It is Day 7 of Quest 2016, and I have found myself slowing, pulling back, drawing down, resisting the sparking pace that others – also journeying through these same December prompts – seem to be able to muster.
The second prompt offered by Jonathan Fields, which we received last Thursday, was long and unwieldy. I wished I could easily place it in my heart’s pocket (which is normally what I do, after writing it long-hand on an index card) It just didn’t fit and was challenging to ruminate over and meditate on and there were just no easy answers.
Here’s my journey wrestling with this prompt:
Friday: I am standing in the kitchen with my coffee and iPhone, hoping to interrupt my husband Mike who is at his laptop:
“Can I read you this question? I just don’t get what it wants me to do.”
Theme: Get Clear with Yourself
Visionary: Jonathan Fields
Prompt: “You wake up to discover a knock at your door. A wealthy uncle you barely knew has passed and left you a fortune. It’s more than enough to live out your days in glorious splendor, but there is a condition. To be eligible to collect, you must commit your full-time working energies to the pursuit of an answer to a single question of your choosing for the next 12 months.
You are welcome to continue that pursuit after the year ends, for years or decades if it warrants, but you must remain fully focused on seeking the answer until the last minute of the 365th day. A minute shorter, the entire inheritance goes to your annoying and equally long lost cousin, Philly.
What is your question?”
Well that’s easy, Mike says, assuredly. “My question would be: ‘How can I solve the world’s energy crisis?’ [Yes, he is a chemical engineer in the petroleum sector]. So what are you thinking about?”
“I don’t know. Things like ‘Is there a God?’ or ‘What happens when you die’”
“Those sound good. Go with one of them.”
Then, a moment later, he adds “though, you know. with questions like those, you’ll never get to an answer, Colleen”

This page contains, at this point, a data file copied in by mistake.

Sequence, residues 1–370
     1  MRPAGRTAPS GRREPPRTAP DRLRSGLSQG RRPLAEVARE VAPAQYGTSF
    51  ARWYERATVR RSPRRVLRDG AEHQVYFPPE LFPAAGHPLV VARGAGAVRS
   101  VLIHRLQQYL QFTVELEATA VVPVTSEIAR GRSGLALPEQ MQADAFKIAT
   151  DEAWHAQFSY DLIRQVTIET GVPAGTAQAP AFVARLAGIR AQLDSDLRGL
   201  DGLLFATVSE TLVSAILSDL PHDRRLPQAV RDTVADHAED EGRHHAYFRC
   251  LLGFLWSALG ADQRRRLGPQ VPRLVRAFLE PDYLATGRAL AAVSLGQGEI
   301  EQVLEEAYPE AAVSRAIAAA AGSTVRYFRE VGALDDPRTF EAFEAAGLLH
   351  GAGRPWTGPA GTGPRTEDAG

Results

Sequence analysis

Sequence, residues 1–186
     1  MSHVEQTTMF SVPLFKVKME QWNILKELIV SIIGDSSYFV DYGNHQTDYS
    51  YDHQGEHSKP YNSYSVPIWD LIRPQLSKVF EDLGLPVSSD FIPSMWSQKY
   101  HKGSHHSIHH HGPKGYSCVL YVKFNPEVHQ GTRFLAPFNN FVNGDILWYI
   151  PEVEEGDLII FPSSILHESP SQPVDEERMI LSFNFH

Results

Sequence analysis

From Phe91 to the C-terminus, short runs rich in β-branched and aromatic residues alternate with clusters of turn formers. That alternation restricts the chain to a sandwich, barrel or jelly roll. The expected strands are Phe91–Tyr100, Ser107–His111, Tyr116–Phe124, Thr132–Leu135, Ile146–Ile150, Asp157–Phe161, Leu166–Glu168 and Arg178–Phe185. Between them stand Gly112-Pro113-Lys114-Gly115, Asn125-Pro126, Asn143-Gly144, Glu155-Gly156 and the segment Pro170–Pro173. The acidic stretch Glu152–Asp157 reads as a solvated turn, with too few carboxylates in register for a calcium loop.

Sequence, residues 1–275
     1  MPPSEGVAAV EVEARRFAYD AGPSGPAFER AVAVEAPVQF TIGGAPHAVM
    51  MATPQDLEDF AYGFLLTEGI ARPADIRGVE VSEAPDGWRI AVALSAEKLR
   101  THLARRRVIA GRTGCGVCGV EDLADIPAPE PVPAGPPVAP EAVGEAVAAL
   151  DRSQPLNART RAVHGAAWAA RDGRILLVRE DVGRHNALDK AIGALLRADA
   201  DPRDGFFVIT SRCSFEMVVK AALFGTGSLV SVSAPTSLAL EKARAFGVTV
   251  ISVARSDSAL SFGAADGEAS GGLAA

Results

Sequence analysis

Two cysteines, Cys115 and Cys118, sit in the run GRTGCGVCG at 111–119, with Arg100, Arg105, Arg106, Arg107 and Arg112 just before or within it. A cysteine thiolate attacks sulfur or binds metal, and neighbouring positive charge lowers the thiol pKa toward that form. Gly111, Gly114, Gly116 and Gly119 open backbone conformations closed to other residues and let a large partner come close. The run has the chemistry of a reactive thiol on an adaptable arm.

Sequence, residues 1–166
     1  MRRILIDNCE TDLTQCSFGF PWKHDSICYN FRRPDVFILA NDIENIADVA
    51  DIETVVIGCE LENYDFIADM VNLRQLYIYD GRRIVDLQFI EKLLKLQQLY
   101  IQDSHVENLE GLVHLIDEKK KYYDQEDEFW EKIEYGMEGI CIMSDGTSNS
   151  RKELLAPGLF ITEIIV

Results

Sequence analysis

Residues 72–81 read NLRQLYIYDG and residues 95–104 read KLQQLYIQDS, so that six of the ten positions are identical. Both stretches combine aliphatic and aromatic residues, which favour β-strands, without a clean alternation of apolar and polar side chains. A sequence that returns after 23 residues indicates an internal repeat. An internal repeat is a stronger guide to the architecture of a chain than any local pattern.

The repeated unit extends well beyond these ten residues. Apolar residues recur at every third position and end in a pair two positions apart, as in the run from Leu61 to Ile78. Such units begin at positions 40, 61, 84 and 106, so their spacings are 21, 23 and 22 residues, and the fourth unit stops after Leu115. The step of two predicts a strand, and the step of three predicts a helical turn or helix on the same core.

I know this, but still, these are the questions I most often ponder.
On Saturday: Again with coffee mug in hand, I say to Mike:
“I hate this question.” My husband is trying (unsuccessfully) to read The Economist.
“I think it’s trying to get me to quit my job.”
“It’s not telling you anything,” he says, amused with me, I think. “Look if you think you should be writing more, then write more.”
I offer a harumph, and turn to watch the birds.
On Sunday: I am at the kitchen table (yes, with coffee) sloughing through The Economist’s “The World in 2016” [I have made a pact with myself to read every page of its year-end edition – even if I understand only 5% of it – because I absolutely need to learn more about the world]
So here is the ad I open to on the magazine’s first page.
UBS ad in The Economist
Okay, so I’ve found my question.
JONATHAN FIELDS -is a New York City dad, husband and lawyer turned award-winning author, media producer, and entrepreneur. His last book, Uncertainty: Turning Fear and Doubt Into Fuel For Brilliance (Portfolio 2011) was named the top personal development book in 2011 by 800-CEO-READ.
Jonathan’s current focus, Good Life Project, is a global movement that inspires, educates, connects, and supports mission-driven individuals in the quest to live better, more engaged, connected, and aligned lives..